You can't miss it as you drive down I-85. The Peachoid, as it's called, is a massive peach-shape water tower near the North Carolina border.
When maintenance crews sandblasted the paint off the water tower recently, people were furious.
Just ask Claire Huminski, with the city of Gaffney.
"We have actually had a lot of people call and via social media complain to us that we are taking down the Peachoid and that we do not need to do that because it is a landmark," Huminski says, "and they were really upset, tweeting angry tweets at me, I'm like, 'We're not taking it down, I promise!' "
In Gaffney, the Peachoid is more than a water tower.
The city's tourism director says she's talked to people from Canada, Germany and Japan, who stopped through this city of almost 13,000 people just to see it.
Some of them first saw it on the Netflix hit House of Cards.
In real life, the tower has never had a thorough repainting since the original job was finished in 1981. So, Eric Henn climbs into a construction lift with a heavy steel door.
Henn rises more than 100 feet with paint rollers and a few shades of orange and yellow.
The longtime publisher of the local paper, Cody Sossamon, says the idea was to create a landmark for an area with a large peach farming community.
"I loved it and still do even though it's, to use the term loosely, the butt of a lot of jokes," he says.
For one, the tower has the colors — and curves — of an actual peach. Looking up at it, Gaffney native Leonard Wyatt says the crease is hard to miss.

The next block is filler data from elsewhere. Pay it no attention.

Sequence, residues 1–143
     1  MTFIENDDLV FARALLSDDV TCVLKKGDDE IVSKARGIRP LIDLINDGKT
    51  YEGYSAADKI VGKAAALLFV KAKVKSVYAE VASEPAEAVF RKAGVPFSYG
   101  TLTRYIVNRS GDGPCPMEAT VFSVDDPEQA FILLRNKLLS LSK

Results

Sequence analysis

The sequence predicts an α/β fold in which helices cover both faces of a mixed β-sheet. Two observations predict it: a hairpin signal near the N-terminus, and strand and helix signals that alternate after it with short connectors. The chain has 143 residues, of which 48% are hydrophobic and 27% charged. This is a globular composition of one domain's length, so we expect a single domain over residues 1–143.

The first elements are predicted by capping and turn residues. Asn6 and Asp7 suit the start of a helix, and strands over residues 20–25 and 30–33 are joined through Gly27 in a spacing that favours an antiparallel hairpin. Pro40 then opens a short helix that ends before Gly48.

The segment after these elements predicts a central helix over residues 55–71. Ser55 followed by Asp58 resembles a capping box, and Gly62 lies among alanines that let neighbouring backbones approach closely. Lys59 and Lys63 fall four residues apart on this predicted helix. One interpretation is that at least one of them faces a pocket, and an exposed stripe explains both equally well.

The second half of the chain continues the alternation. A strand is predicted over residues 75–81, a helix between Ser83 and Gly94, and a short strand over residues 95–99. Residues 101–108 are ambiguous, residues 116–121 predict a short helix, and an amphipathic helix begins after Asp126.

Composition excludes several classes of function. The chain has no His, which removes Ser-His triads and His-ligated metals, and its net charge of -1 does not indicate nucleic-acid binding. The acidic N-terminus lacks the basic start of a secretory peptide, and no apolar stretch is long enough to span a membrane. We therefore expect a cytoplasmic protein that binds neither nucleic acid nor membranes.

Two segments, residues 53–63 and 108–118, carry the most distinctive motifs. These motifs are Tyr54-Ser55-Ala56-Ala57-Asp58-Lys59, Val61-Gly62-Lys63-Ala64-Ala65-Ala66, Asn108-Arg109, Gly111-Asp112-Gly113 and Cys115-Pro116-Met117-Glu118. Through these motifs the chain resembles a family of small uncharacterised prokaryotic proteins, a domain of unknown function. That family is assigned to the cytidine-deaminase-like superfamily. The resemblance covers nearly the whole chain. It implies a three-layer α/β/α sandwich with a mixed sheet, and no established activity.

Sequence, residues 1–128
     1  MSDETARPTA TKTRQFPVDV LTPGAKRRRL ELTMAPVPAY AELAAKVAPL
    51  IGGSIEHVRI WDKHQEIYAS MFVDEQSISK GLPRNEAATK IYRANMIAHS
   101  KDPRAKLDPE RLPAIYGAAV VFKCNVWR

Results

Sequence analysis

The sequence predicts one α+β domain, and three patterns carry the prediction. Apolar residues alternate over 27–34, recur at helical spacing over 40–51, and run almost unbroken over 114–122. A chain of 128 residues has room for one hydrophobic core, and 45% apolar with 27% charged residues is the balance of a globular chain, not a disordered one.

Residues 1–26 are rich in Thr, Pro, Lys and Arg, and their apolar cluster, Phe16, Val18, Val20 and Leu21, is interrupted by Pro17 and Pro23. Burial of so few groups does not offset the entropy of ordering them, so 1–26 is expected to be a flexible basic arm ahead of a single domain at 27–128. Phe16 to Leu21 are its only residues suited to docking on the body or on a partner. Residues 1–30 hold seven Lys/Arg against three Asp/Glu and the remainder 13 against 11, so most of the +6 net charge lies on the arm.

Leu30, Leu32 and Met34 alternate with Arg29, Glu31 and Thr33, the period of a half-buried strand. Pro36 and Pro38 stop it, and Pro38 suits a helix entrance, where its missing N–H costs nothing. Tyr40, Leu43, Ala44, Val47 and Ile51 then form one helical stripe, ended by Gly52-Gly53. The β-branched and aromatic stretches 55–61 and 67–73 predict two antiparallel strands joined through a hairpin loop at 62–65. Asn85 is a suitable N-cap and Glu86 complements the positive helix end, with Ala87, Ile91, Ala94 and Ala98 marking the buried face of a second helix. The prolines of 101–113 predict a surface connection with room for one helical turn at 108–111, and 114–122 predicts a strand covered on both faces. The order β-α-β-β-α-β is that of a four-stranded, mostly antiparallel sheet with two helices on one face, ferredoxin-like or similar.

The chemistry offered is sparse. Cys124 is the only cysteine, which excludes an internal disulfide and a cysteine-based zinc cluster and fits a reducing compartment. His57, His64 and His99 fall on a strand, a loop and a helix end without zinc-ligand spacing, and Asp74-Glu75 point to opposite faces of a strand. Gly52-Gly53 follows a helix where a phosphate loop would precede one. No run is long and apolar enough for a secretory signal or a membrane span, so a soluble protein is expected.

"When you see the crack right here," Wyatt says, "going down the interstate, you'll see that's one of the first things you'll see, and people say it's a baby's butt with a rash."
House of Cards played up that idea. Kevin Spacey's character, Frank Underwood, is the subject of an attack ad about the Peachoid: "It's vulgar. It's an embarrassment to the county. But time and time again Frank Underwood has fought to keep it standing."
That episode is the reason James Burroughs pulled over on his way from Atlanta to Raleigh.
"I decided to take a picture today so I can show some of my friends that yeah, see, the big peach does exist," he says.
Burroughs says his friends in Georgia — the Peach State — wonder why it's here. South Carolina actually produces almost twice as many peaches as Georgia, according to the U.S. Department of Agriculture.
Some have asked if the renovation will make the Peachoid look less like a human backside.
The answer is no, says Kim Fortner of the Gaffney Board of Public Works.
"You know it's kind of like, I'm sure you've heard the phrase, 'I don't care what you call me as long as you call me?' " Fortner says. A lot of people know where Gaffney is by this tank."
Even if it is, on occasion, the butt of a joke.